Study shows tropical fish able to adapt body temperature by environment

Such responses are present in the fish's genes and suggest that a reaction to cold induces an energy-conserving or stress-reduced response.

November 21, 2018 17:53
1 minute read.
Blue Tilapia

Picture of a Blue Tilapia. (photo credit: Courtesy)


Dear Reader,
As you can imagine, more people are reading The Jerusalem Post than ever before. Nevertheless, traditional business models are no longer sustainable and high-quality publications, like ours, are being forced to look for new ways to keep going. Unlike many other news organizations, we have not put up a paywall. We want to keep our journalism open and accessible and be able to keep providing you with news and analysis from the frontlines of Israel, the Middle East and the Jewish World.

As one of our loyal readers, we ask you to be our partner.

For $5 a month you will receive access to the following:

  • A user experience almost completely free of ads
  • Access to our Premium Section
  • Content from the award-winning Jerusalem Report and our monthly magazine to learn Hebrew - Ivrit
  • A brand new ePaper featuring the daily newspaper as it appears in print in Israel

Help us grow and continue telling Israel’s story to the world.

Thank you,

Ronit Hasin-Hochman, CEO, Jerusalem Post Group
Yaakov Katz, Editor-in-Chief


Researchers at Ben-Gurion University of the Negev revealed that certain species of tropical fish are able to adjust body temperature based on their environment.

The research, which was carried out by Fotini Kokou, a post-doctoral fellow and Itzhak Mizrahi, an associate professor of microbial ecogenomics, discovered that host organisms are affected by the microbes that live within them, suggesting that they possess a symbiotic relationship – each benefiting from the other.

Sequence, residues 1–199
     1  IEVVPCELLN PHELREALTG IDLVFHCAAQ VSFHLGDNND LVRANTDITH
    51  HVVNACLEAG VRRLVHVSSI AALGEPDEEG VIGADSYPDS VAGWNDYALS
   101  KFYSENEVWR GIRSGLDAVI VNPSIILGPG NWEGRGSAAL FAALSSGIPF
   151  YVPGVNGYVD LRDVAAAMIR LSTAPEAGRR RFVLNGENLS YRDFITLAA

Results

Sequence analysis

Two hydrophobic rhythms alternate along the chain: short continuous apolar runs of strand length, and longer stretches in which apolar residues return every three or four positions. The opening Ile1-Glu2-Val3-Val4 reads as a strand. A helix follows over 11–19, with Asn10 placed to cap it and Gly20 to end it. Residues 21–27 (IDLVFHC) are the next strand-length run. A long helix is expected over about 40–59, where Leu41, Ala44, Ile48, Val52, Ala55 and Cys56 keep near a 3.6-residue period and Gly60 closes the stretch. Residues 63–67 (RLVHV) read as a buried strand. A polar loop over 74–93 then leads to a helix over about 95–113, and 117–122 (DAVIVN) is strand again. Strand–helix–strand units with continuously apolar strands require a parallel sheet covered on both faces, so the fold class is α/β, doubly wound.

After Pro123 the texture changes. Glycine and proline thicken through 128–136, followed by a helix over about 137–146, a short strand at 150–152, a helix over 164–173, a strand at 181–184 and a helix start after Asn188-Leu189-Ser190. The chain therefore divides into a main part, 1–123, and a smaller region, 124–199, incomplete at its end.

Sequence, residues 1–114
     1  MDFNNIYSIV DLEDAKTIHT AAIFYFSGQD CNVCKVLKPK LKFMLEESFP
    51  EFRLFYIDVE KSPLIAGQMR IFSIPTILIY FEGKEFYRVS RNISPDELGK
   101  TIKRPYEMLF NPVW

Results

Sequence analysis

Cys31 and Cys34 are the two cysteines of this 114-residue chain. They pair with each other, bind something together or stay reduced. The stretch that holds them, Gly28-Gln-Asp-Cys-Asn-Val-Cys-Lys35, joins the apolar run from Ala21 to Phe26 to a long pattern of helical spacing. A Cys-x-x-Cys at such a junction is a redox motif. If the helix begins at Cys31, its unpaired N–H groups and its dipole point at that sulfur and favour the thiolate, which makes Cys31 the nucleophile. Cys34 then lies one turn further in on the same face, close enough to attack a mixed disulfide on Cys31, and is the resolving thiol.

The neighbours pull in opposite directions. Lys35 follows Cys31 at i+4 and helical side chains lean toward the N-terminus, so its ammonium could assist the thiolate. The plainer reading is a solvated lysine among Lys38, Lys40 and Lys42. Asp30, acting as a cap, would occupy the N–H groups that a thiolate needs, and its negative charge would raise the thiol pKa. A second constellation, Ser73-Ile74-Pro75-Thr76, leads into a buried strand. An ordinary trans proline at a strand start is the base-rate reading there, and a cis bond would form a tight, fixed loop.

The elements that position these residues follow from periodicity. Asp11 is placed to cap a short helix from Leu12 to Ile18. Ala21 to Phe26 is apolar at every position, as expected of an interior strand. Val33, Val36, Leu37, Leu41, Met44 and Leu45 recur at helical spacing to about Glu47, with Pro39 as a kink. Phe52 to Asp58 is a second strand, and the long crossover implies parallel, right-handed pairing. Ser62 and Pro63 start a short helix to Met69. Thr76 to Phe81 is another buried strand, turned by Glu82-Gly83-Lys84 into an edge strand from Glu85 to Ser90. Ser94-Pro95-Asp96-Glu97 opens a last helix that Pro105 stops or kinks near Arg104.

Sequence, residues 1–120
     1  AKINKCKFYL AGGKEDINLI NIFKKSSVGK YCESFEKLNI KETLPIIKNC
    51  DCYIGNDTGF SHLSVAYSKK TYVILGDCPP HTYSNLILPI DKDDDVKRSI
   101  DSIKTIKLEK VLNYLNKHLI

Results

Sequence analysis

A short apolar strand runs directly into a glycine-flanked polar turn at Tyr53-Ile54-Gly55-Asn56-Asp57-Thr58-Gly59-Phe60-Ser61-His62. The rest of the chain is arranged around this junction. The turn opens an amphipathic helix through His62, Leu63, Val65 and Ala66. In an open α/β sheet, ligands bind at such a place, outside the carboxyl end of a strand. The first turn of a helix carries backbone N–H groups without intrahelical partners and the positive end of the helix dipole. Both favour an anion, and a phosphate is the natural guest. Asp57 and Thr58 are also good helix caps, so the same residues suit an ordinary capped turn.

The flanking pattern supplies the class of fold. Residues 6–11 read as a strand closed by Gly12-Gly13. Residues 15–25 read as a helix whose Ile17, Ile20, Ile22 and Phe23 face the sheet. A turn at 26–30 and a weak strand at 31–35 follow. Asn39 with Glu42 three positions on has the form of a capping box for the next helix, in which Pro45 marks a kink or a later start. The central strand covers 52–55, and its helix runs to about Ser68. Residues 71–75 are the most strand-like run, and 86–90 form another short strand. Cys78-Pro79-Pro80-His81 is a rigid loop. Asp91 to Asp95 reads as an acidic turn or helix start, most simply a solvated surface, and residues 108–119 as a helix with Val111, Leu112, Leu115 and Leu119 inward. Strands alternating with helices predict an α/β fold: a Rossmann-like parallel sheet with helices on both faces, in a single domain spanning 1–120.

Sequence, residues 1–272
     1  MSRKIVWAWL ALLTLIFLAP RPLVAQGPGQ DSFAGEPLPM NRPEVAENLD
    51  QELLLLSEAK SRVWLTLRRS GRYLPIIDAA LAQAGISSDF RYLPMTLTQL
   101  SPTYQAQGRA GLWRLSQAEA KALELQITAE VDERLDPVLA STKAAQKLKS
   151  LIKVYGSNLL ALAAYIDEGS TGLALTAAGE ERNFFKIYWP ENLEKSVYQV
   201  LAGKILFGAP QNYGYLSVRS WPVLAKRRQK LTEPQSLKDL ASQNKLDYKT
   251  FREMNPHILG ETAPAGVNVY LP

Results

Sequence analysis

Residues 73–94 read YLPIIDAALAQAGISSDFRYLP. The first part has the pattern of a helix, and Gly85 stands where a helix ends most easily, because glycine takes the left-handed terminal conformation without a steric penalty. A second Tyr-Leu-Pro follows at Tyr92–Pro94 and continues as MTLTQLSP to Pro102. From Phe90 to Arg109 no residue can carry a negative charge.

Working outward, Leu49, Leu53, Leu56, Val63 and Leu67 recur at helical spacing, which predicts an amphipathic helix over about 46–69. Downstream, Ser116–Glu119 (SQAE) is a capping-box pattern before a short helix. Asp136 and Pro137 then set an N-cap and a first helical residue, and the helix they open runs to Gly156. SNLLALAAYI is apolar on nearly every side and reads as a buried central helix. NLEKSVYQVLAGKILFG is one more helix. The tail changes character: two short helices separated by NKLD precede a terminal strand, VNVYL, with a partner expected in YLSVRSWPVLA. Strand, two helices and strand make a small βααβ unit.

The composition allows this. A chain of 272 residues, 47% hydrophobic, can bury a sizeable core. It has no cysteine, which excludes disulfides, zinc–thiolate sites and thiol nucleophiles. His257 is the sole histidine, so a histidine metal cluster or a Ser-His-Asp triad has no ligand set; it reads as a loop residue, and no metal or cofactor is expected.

“One of the most significant environmental pressures that affects the fitness of a host organism is temperature,” said Kokou, adding, “We wanted to test whether acclimatization to temperature is facilitated by changes in the host’s microbiome.”

The research used a unique species of tropical fish – the blue tilapia – which exhibit extreme sensitivity to colder temperatures. New higher resistant strains to freezing temperatures were bred. This allowed researchers to compare reactions to stimuli between the sensitive and resistant breeds, and analyze whether it affected the microbes.

Researchers exposed fish with either cold tolerance or intolerance to temperatures of 12 and 24 degrees centigrade. The gut microbiomes of the fish were then examined, showing a large decline in the amount of microbes in either group, who were exposed to the colder temperature. The study discovered that colder temperatures can reduce the amount of microbes in fish. It also found that each fish contained microbes which can either “switch off” during energy expedient processes (such as metabolism), or turn on during times of stress.

The study revealed that such responses are present in the fish’s genes and suggest that a reaction to cold induces an energy-conserving or stress-reduced response. This may explain how certain breeds have survived through the process of natural selection.

“Our study shows that the genetic background of the tilapia fish and its tolerance to temperature-induced stress determines the response of the gut microbiome to temperature,” said Mizrahi. “Microbes and their hosts work together in a survival of the fittest as part of the natural selection process,” he added.

Join Jerusalem Post Premium Plus now for just $5 and upgrade your experience with an ads-free website and exclusive content. Click here>>

Related Content

July 23, 2019
Bones recovered in Vatican may be teen's who went missing 36 years ago


Cookie Settings